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Working College Students

The vast majority of college students today work, but their motivations and experiences vary widely based on demographics.

Most college students are working as they study, but the amount and type of work varies widely. And the forces behind those variances aren’t random.

Low-income working students tend to work longer hours than their high-income counterparts. They also are more likely to be black or Latinx, older and female, according to a 2018 report from the Center on Education and the Workforce at Georgetown University.

“To me, it boils down to the story of how higher ed is compounding social inequity,” said Lindsay Ahlman, associate director of research at the Institute for College Access and Success.

The Georgetown report found that 70 percent of full-time college students are working. While more students are working, the number working full-time has decreased, from 40 percent in the late 1980s to 26 percent in 2012.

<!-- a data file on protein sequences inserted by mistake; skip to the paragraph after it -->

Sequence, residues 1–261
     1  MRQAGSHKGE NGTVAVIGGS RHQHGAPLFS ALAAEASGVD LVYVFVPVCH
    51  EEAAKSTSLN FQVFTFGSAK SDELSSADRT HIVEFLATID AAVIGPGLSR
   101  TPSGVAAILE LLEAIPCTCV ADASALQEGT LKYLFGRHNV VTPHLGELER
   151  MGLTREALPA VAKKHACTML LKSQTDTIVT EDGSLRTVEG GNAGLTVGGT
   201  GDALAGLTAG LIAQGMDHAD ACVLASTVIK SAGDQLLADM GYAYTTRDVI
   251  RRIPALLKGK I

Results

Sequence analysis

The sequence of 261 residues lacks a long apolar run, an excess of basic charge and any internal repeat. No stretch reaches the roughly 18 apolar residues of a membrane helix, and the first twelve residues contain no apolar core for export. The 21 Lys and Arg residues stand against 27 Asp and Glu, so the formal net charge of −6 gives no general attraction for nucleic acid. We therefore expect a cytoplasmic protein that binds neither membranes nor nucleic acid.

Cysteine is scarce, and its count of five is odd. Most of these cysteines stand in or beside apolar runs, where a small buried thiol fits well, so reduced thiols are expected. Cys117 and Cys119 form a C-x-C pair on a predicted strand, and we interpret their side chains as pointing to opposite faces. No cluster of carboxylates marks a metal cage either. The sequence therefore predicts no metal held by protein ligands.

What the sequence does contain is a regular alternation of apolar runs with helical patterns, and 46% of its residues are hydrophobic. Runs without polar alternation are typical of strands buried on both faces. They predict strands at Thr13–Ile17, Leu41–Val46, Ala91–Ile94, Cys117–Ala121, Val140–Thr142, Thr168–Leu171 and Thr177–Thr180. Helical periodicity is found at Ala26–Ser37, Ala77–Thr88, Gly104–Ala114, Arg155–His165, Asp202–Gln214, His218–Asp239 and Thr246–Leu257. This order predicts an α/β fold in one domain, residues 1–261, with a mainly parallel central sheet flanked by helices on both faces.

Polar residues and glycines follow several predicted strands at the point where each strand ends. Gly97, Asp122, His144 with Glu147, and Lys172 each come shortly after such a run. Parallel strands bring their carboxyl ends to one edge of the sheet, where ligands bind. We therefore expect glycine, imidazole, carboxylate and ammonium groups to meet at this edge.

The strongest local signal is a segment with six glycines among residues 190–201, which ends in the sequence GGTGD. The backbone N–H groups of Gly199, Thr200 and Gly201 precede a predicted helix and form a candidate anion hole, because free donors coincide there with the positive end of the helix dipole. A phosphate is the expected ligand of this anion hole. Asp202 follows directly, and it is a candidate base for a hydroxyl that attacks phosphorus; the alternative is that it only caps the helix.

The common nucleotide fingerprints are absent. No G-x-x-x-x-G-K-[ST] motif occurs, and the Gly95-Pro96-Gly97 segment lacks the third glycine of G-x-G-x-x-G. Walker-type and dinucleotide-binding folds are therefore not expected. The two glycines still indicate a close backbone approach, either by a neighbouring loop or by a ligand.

Still, low-income working students are more likely to work full-time than those who are high income (26 percent versus 22 percent). The majority of students across income brackets are working 15 to 35 hours per week.

Previous research has shown that, while working can be beneficial for students, there is a threshold where it starts to do more harm than good. Students who work 15 hours or more per week are more likely to have a C average or lower, while those who work less than 15 hours are more likely to have a B average or higher.

Students who work less also are more likely to be enrolled in bachelor’s degree programs, versus associate degree and certificate programs.

Working experiences also vary depending on students’ incomes. For high-income students, their work is more likely to connect to longer-term professional and academic goals.

Full article here.

posted in: Blogging, Diversity, News

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